I was such a good little runner before the holidays. Now I am a slug. A pitiful, pathetic slug. It's not my fault, though. Honestly. My bones got out of whack, and I was forced to quit running for a couple of weeks. And now I feel like a slug. A pitiful, pathetic slug.
I ran once while in Louisiana, and boy, did it feel good. Something in my soul just opens up when I start running. I'm not particularly graceful, and I certainly don't look like a runner--lithe, athletic, and all that--but that doesn't matter. I feel like I'm all of those things when I'm running. After my Louisiana run, I felt better than I'd felt in ... two weeks.
I started running again yesterday. I'm starting with a few easy runs, and yesterday's run was 3.1 miles. I could have gone farther, wanted to go farther, but I made myself stop at 3.1 miles.
I can't begin to explain how on-top-of-the-world I feel after a run. I don't think it's the legendary "runner's high." I think it's just that sense of being able to breathe deeply, of knowing the muscles are strong and working, of feeling healthy. And it's nice to know that I can eat that 300-calorie dessert and not have to worry about gaining weight.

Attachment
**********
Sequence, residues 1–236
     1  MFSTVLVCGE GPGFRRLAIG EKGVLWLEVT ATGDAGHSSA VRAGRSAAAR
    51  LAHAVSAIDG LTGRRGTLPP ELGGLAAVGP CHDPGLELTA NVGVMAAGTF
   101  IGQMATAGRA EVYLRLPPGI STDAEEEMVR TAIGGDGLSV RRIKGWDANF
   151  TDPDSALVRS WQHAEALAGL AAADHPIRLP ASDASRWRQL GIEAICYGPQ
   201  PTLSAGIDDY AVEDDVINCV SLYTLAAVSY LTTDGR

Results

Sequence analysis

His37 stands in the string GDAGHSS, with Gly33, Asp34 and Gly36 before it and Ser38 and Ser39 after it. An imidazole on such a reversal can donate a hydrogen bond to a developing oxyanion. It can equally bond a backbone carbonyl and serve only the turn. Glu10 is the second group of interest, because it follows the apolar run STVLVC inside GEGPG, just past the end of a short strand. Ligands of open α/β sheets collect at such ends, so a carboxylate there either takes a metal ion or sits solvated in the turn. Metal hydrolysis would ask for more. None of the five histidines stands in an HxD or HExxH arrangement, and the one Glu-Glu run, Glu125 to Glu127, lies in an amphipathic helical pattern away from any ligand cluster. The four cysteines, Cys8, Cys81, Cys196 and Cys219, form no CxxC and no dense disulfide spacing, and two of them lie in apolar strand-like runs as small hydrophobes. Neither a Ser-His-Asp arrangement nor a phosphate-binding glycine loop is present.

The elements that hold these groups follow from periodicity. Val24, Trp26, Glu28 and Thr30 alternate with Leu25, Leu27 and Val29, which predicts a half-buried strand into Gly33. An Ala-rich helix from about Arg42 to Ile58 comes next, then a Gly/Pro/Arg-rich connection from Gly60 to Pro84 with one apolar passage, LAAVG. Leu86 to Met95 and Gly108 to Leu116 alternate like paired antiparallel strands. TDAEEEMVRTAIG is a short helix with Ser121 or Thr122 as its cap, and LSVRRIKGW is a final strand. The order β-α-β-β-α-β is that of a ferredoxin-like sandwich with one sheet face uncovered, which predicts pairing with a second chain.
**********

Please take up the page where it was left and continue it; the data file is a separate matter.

Speaking of gaining weight: between my forced hiatus from running and my holiday diet of chocolate and pecans, I've put on a pound or two. Which is another reason that I feel like a slug. But, because I ran yesterday and will run another five miles before Sunday, I don't feel guilty or depressed about gaining the weight.
Since I've spent much of my life feeling guilty and depressed about eating and gaining weight (a typical American female, I probably am), I've decided that running is a definite requirement for me ... for the rest of my life, no matter what it takes, and no matter where life takes me. Barring permanent injury, I hope to still be running when I'm eleventy-one.
My next planned race, by the way, is a 5K with the Hubster (yes, the Hubster!) in Myrtle Beach in February. We're hoping some friends down there will join us, either as cheerleaders or as fellow runners. I'll start my official 5K training next year (heh, heh ... as in "next Monday").